Google White Paper on Regulating AI

May 3, 2019 | by Srivats Shankar
Google releases a white paper on regulating AI and identifies key concerns

Google recently laid out its outlook on AI and issues of governance. In a white paper published on governance and AI, they highlight five areas that require greater clarification for facilitating the opportunities of stakeholders. They highlighted that sector specific regulations already exist in a number of countries. However, they recommend that the areas highlighted in their report also be considered for an international framework, in order to mitigate a race to the bottom.

Broadly they highlight the following areas as being of particular concern with reference to AI:

  1. Explainable Standards
  2. Fairness Appraisal
  3. Safety Considerations
  4. Human AI Collaboration
  5. Liability Framework

According to them, explainable standards focus on understanding why a particular AI system operated in a certain way. By providing clear and concise information that takes place along best standards, that can be acted upon, improved, and enhanced, there may be a better chance for all stakeholders to benefit equitably from AI. However, they also propose certain alternatives, including, reporting of errors by AI systems, offering an opportunity of appeal for any decision by a system, perform ethical hacking, and conduct regular auditing.

The couple this with an understanding of what they call Fairness Appraisal, which essentially attempted to target unfair biases within a system. They noted that it is difficult to understand what fairness is, but by framing the same around existing diversity and equality laws, there are possibilities that bias can be tracked by integrating certain tests within the development work flow.

This is coupled with safety considerations. Naturally, this remains a somewhat subjective criteria. Depending on the type of AI, how safety can be guaranteed varies significantly. For example, a system that develops music based on random notes would have a significantly different safety thresholds than an autonomous vehicle. They highlight a number of criteria that need to be considered, including, whether the system is performing its objectives correctly, whether training has taken place in the real world, is the data set training the system valid, and is the training exhaustive. They recommend extensive automated training for the purpose of ensuring safety.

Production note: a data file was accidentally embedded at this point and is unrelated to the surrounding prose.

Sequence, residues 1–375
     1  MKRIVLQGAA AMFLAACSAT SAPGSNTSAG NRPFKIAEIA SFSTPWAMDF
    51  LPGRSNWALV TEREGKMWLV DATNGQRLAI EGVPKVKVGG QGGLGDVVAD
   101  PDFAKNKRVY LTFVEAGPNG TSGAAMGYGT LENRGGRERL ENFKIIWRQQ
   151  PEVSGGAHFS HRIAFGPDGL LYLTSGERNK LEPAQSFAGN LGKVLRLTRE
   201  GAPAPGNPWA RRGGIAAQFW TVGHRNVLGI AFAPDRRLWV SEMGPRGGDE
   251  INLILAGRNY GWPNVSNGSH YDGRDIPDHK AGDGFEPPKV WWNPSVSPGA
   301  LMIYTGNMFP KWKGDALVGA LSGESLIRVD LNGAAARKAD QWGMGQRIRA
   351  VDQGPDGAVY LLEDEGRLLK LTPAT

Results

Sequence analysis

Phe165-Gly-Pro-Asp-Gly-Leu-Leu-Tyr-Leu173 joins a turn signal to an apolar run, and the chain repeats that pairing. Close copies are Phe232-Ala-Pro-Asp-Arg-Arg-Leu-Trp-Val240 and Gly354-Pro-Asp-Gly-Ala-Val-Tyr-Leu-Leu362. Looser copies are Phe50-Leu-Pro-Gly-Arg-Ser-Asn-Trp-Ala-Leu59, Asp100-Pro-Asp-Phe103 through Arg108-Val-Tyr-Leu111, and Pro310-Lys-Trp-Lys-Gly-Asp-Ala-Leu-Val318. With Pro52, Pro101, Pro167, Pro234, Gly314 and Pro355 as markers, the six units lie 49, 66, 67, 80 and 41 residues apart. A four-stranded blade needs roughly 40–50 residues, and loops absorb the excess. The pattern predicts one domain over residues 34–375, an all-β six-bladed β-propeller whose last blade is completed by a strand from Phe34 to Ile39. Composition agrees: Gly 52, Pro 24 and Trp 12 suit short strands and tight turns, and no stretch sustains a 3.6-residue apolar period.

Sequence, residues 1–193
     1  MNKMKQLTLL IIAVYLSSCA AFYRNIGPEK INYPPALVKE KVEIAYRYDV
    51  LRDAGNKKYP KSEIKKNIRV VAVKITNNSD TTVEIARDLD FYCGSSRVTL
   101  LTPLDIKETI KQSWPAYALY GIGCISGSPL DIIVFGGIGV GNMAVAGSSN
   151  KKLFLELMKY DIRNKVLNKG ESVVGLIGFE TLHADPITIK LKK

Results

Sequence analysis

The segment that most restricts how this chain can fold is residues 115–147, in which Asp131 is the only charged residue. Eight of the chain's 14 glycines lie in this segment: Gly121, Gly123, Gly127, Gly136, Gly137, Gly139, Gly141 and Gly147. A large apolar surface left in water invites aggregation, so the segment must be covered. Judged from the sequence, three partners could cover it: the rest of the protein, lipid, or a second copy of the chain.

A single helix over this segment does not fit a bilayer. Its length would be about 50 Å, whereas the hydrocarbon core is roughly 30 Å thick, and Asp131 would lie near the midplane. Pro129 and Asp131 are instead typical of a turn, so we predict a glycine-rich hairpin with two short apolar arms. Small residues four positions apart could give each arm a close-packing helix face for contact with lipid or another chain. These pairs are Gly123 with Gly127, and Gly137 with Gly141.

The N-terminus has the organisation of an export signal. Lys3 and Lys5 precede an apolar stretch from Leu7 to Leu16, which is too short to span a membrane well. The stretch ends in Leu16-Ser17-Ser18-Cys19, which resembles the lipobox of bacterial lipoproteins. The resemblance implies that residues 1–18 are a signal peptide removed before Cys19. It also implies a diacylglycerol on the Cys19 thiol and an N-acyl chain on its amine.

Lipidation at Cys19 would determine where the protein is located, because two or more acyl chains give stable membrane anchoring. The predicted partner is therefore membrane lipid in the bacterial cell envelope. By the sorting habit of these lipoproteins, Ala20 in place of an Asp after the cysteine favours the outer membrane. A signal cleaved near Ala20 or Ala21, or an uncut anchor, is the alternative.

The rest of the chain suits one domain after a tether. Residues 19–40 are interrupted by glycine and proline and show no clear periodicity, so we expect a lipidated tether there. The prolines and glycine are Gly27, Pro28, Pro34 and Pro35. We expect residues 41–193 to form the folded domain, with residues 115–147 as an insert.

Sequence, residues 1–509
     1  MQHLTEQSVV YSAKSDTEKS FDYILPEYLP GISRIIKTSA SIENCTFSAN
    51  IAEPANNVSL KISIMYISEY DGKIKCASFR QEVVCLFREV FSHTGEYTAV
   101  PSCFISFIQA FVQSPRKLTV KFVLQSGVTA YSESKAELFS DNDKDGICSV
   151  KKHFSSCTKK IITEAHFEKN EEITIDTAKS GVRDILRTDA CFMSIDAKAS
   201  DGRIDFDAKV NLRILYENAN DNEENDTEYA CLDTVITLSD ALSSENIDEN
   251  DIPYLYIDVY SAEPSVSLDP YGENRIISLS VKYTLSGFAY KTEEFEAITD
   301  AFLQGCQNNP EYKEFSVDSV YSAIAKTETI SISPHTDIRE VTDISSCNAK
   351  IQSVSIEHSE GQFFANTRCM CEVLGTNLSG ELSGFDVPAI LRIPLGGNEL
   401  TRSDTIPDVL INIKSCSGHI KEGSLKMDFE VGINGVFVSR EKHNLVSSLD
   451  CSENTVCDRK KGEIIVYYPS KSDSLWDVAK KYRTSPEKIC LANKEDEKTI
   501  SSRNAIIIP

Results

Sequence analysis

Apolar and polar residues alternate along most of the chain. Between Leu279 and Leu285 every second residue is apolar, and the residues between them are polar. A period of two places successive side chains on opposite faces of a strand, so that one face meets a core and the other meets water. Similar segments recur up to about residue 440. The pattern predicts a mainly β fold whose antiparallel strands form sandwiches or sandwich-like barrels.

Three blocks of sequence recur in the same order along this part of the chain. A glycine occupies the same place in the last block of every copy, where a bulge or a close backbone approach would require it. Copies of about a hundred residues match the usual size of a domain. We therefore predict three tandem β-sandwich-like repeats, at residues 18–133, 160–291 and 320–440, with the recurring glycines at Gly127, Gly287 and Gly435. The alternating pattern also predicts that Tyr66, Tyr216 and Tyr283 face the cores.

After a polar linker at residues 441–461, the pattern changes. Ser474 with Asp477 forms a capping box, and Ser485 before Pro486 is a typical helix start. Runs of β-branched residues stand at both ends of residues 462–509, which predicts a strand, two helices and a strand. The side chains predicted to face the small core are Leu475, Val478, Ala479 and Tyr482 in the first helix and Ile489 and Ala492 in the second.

They also talk about the Human-AI collaboration, using the “human in the loop” standard. This is quite similar to the Singapore framework on regulating AI. They note that the different successes that can be perceived through any AI system and through a human vary significantly. They strongly recommend better collaboration between humans and AI, in order to focus on each of the strengths, provide flexibility, and ensure that there continue to remain greater opportunities for humans. They also highlight certain areas where the usage of AI should be considered as paramount to humans, particularly sensitive areas. These include areas that may affect someone’s life in a material manner, whether it affects a pre-existing benefit, whether the decision can be contested, and does it impinge on human rights.

Finally, with regard to a liability framework they opened by saying that legal personhood for AI is unnecessary, impractical, immoral, and allows for potential abuse. It essentially could create a situation where a new legal entity can come into existence, shielding a third party from liability. That is not desirable under any circumstance. Although, Google does not provide a definitive answer on this point, they do highlight that product liability, defective information, and strict liability can all be considered. However, it should not stifle innovation or access to these systems that would reasonably provide benefit to society.

On the whole the recommendations by the white paper are fairly apt. They highlight some of the most contested points of discussion relating to AI and legal systems. Although, much work remains to be done beyond these five points, within these considerations Google takes a pragmatic view. They do not excessively skew the information in their favor. Rather, it continues to remain balanced throughout and considers opposing views openly. Time will tell whether these questions will have a bearing on the future of policy and artificial intelligence.